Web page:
Offering Aviation History & Adventure First-Hand!

In the Line of Duty... 
In the Gulf of Mexico near Galveston, Texas
July 13, 1994

Safety on the High Seas...

In 2008, the United States Coast Guard, in the performance of one of its key missions – Marine Safety Enforcement - conducted more than 70,000 commercial inspections of U.S flagged vessels, performed more than 12,000 safety and environmental examinations of foreign vessels entering U.S. ports, conducted nearly 4,700 marine casualty investigations, and boarded nearly 3,700 underway fishing vessels to perform safety and compliance checks.

A typical vessel safety check involves inspection of the ship's hull to ensure its seaworthiness, and inspections of the vessel's main and auxiliary power, the boilers, electrical and navigation systems, lifesaving equipment, firefighting devices, and a check to see if the vessel is maintaining pollution prevention standards.

Mohammed to the Mountain...

Many of these inspections occur out in the open ocean, while the vessels are underway. As a result, inspectors and other marine safety personnel are required to be transported to said vessels – often via smaller boats or, on rare occasions, via helicopter.

On the morning of Wednesday, July 13th, 1994, civilian helicopter pilot Tony Loague, 46, an employee of Sea-Link, preflighted his company's Aerospatiale AS-350B1 “Ecureuil”, registered as N350WM and leased to Sea-Link Helicopters by Aerospatiale, and took off from the Houston Gulf Airport in Houston, Texas, shortly before 8 AM.

Loague was an experienced pilot, having flown as a helicopter pilot in the U.S. Navy from 1971-1977, served as chief pilot in Galveston for Evergreen Helicopter Inc. in 1985, and flown air ambulance flights in Virginia and North Carolina in the late 1980s.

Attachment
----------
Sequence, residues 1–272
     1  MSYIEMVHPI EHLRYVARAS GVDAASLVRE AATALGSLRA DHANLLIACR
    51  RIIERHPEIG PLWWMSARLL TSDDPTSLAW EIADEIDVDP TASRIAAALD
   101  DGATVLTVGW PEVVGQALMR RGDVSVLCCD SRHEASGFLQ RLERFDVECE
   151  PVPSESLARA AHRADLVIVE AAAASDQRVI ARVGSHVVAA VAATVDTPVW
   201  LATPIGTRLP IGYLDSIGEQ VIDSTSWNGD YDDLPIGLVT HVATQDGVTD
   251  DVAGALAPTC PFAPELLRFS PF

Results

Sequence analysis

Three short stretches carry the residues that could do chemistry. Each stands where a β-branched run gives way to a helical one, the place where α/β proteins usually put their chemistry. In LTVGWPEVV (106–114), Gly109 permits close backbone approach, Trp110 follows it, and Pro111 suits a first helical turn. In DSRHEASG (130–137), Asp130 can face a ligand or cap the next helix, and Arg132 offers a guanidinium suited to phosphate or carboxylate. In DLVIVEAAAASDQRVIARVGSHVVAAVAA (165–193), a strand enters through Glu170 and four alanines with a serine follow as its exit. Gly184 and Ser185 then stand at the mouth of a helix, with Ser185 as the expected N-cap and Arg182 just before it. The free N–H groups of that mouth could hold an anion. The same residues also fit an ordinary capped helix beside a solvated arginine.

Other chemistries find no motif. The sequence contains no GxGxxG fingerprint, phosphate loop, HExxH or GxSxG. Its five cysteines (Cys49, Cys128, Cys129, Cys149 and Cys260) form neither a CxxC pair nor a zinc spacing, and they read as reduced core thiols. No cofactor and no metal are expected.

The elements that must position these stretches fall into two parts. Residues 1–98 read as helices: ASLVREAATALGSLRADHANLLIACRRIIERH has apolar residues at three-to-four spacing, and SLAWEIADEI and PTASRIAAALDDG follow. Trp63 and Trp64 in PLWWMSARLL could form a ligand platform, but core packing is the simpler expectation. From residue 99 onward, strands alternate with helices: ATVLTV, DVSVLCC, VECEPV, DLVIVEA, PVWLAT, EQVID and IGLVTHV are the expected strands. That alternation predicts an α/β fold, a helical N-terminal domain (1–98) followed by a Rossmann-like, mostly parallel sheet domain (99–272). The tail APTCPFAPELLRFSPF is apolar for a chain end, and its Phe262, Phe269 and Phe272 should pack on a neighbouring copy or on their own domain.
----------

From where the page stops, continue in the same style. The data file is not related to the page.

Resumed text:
Arriving at the Galveston Aero Flight Center at Scholes Field, it picked up four passengers as part of an air taxi flight: marine electronics technician Richard Gould, 33, of Webster, Texas; marine chemist Peter W. Wiggins, 49, of Texas City; and two Coast Guard inspectors from the Marine Safety Office in Galveston — Senior Chief Boatswains' Mate James A. Pavani, and Chief Marine Science Technician Charles R. Blome, Jr.

BMCS James A. Pavani, 39, of San Francisco, had been in the Coast Guard for 22 years, the Coast Guard, working on marine rescues aboard several cutters like the USCG Cutter Campbell and the USCG Cutter Courageous. Married with a son and daughter, Pavini was due to receive a commendation for his work in developing a policy on alcohol.

MSTC Charles R. Blome Jr., 34, of Billings, Montana, was said to have “written the book on marine inspections.” He had taken initiative, and began drafting inspection guidelines before the law required the Coast Guard perform them, and regularly volunteered to go on inspections. With 15 years in the service, including four with the U.S. Army, he arrived in Galveston in the summer of 1992. Also married with a son and daughter, Blome was a keen cyclist and the coach for his son's Little League team.